On a minister’s budget, our family summer vacations were, without exception, camping trips—always tent-camping, though in the later years we splurged on a used, very basic tent trailer (no kitchen, bathroom, or any of the other luxuries available in today’s tent trailers). These vacations usually took advantage of the mountain scenery within a few hours of our California home (we were just as close to the ocean, but our vacations were always in the mountains), but every few years we (Dad, Mom, my two brothers, and I) hit the road for a longer camping trip. Especially memorable were the full month we camped all the way across the United States and back, and a multi-week camping adventure into and around the Canadian Rockies.
Of our more frequently visited destinations, Yosemite was the clear favorite. Marveling at the Firefall from Camp Curry and Glacier Point, waiting in lawn chairs with hundreds of fellow tourists at the Yosemite garbage dump for the bears to arrive for their evening meal (really), rising in the dark for a fishing expedition to Tuolumne Meadows, family hikes up the Mist Trail to Vernal and Nevada Falls, are just a few of the memories that I realize in hindsight formed the bedrock of my Yosemite connection.
My favorite Dad photography story happened when I was about ten. It involves an electrical storm atop Sentinel Dome, and his desire to photograph a lightning bolt, a desire so great that it trumped common sense. As his ignorant but trusting assistant, to keep his camera dry I stretched high to extend an umbrella above Dad’s head. (In his defense, as Californians, the novelty of lightning obscured a full comprehension of its dangers.) We didn’t get the lightning, and more importantly, it didn’t get us. But that’s not the end of the story.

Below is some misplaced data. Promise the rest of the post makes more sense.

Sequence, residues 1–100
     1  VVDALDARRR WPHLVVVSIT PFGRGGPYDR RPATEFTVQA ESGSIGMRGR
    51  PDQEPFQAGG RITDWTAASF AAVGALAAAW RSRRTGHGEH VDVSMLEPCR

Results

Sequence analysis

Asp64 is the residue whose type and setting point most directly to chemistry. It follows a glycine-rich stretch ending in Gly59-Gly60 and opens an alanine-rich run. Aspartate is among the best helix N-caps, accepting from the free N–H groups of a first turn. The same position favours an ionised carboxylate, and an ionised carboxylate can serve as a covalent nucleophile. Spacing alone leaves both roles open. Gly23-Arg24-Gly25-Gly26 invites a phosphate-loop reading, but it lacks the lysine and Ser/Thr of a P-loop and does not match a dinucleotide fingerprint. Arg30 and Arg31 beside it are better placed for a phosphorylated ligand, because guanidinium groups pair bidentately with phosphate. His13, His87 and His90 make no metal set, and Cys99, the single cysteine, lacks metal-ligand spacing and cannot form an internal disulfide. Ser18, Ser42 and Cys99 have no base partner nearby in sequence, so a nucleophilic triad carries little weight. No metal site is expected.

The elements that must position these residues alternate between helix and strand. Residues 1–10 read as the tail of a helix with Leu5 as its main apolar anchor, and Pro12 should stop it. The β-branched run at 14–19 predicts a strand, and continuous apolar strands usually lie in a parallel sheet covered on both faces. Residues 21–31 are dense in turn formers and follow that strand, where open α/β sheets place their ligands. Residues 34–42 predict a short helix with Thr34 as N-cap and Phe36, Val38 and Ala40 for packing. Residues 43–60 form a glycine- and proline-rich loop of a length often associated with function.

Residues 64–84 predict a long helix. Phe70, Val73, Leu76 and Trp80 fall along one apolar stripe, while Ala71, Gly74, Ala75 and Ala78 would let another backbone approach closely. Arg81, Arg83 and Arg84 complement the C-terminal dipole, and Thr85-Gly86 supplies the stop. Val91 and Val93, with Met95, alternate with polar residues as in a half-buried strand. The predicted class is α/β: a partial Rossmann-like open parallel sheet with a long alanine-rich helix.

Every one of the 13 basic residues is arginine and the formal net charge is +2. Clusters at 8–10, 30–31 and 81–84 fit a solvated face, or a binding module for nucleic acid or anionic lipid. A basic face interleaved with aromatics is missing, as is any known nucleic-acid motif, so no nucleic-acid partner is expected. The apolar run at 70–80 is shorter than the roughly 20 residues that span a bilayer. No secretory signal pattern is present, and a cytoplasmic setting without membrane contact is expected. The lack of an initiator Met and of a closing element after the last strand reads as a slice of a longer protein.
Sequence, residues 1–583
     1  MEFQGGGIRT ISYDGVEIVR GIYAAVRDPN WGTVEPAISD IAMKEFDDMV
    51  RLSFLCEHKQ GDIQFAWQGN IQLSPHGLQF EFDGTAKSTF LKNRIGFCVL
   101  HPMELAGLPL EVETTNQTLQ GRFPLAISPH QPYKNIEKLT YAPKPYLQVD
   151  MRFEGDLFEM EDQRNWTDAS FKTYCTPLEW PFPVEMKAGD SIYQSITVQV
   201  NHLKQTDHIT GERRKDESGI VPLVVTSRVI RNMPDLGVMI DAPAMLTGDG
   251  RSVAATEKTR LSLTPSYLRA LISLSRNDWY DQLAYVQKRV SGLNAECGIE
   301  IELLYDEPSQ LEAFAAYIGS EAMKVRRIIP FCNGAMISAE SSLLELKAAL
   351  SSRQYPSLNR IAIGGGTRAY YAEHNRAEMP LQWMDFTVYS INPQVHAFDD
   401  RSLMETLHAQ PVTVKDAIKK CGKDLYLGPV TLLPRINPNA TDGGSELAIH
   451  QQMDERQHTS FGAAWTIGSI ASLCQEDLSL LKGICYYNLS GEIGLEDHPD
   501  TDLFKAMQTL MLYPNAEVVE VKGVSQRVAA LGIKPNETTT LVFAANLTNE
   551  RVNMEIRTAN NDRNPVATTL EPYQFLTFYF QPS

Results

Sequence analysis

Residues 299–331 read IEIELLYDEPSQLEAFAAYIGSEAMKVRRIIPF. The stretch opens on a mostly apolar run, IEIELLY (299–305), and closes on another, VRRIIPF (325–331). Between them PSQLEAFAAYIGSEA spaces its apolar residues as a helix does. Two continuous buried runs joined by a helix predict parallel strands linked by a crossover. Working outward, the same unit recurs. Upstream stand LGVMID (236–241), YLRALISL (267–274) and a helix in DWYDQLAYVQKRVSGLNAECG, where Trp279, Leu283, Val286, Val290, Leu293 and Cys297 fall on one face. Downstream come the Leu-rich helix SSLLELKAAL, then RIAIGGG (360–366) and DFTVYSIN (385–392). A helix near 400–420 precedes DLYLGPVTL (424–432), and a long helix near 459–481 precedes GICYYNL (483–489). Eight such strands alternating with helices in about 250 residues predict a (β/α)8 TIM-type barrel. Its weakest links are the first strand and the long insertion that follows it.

After risking our lives on Sentinel Dome, the family ended up at Glacier Point, just down the road. Dad had returned to tourist mode as we browsed the shop at Glacier Point Lodge, no doubt seeking souvenirs that would fit our meager budget. But when a vivid rainbow appeared out of nowhere to arc across the face of Half Dome, Dad was ready with his camera still draped around his neck. Watching Dad’s excitement, better than any souvenir, this felt as if God was giving him a much deserved, “I got your back.”